A spokesman for SOCA, which is to be replaced in 2013 by the National Crime Agency, said: ‘We dispute the accuracy of these allegations. SOCA is subject to a high level of accountability and oversight by a number of regulatory bodies and any formal accusations of wrongdoing are dealt with robustly through these channels.’
And a spokesman for National Policing Improvement Agency, the new body that runs training courses for SOCA, said: ‘An investigation into complaints made by a delegate regarding their treatment during their unsuccessful completion of a course was carried out by a senior member of the police service, independent of the unit.
‘These claims were thoroughly investigated and there was no evidence to support the allegation of improper treatment.’

http://www.dailymail.co.uk/news/article-2060782/Britains-FBI-abandoned -chasing-crime-Mr-Bigs-difficult.html

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PostPosted: Mon Jul 29, 2013 4:49 pm    Post subject: Reply with quote

'I am private eye who spied for financiers protected by police': Jailed detective breaks silence as pressure grows to investigate companies on secret list given to MPs
Graham Freeman was jailed for stealing confidential information for firms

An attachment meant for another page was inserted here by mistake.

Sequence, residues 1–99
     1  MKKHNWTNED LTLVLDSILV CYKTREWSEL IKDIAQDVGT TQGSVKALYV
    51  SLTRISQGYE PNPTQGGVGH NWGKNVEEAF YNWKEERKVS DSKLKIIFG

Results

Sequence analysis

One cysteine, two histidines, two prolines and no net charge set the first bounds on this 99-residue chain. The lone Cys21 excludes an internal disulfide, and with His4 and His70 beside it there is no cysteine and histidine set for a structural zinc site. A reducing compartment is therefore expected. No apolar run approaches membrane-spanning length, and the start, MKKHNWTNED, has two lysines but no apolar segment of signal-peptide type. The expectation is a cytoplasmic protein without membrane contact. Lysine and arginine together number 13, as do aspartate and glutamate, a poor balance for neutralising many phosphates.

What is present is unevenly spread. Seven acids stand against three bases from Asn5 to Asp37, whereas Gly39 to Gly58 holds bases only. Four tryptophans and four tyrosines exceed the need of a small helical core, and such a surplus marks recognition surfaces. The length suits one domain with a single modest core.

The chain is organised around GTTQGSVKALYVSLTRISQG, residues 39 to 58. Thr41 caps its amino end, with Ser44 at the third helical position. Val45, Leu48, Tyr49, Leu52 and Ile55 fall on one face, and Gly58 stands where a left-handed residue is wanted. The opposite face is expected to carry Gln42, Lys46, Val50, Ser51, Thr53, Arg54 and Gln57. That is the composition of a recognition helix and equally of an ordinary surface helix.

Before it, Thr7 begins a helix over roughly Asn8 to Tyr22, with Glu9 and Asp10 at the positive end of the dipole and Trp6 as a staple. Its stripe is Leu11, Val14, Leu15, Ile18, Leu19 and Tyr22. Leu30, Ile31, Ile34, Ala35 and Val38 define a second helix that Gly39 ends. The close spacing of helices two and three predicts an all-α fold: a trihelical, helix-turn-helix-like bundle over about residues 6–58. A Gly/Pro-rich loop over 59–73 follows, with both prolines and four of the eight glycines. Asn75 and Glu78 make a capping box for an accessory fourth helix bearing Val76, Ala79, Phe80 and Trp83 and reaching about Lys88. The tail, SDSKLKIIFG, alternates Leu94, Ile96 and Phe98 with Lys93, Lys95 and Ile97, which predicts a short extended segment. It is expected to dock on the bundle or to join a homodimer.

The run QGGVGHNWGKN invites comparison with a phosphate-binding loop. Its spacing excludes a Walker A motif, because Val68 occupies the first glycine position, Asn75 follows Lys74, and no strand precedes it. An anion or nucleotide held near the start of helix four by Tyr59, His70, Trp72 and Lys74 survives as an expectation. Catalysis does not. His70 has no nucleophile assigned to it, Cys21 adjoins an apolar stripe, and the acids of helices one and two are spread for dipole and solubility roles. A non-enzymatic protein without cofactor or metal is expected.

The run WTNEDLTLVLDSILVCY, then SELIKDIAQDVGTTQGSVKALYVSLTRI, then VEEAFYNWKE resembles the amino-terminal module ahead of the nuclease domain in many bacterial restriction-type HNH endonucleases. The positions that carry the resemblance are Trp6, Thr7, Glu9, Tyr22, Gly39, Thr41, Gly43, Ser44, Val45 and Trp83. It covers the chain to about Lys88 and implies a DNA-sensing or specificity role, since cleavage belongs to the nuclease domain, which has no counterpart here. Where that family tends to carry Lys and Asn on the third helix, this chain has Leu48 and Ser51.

He says publication of the names of the companies would rock the City
Says police are reluctant to release details of businesses
It would expose failure to investigate serious fraud allegations, he claims

http://www.dailymail.co.uk/news/article-2380232/I-private-eye-spied-fi nanciers-protected-police-Jailed-detective-breaks-silence-pressure-gro ws-investigate-companies-secret-list-given-MPs.html

A private investigator at the centre of a row over a secret list of blue-chip companies that hired corrupt private detectives has claimed they are being protected by the police.

Graham Freeman, one of four private detectives jailed last year for stealing confidential information on behalf of big business clients, says publication of the names of the companies would rock the City and lead to high-profile prosecutions.

He claims the police and the Serious Organised Crime Agency (SOCA) are also reluctant to release the details because it would expose their own failure to investigate serious fraud allegations over years.

Last year’s case prompted SOCA secretly to compile a list of 102 names of well-known financial institutions, law firms and insurance companies all linked to the corrupt investigators.

Freeman is the first of the four detectives to break his silence about SOCA’s controversial list and the extent of the alleged conspiracy.

His revelations will add to concerns that while Lord Justice Leveson has dealt with some newspapers’ use of criminal private detectives, nothing has been done to tackle the much greater use of them in the City.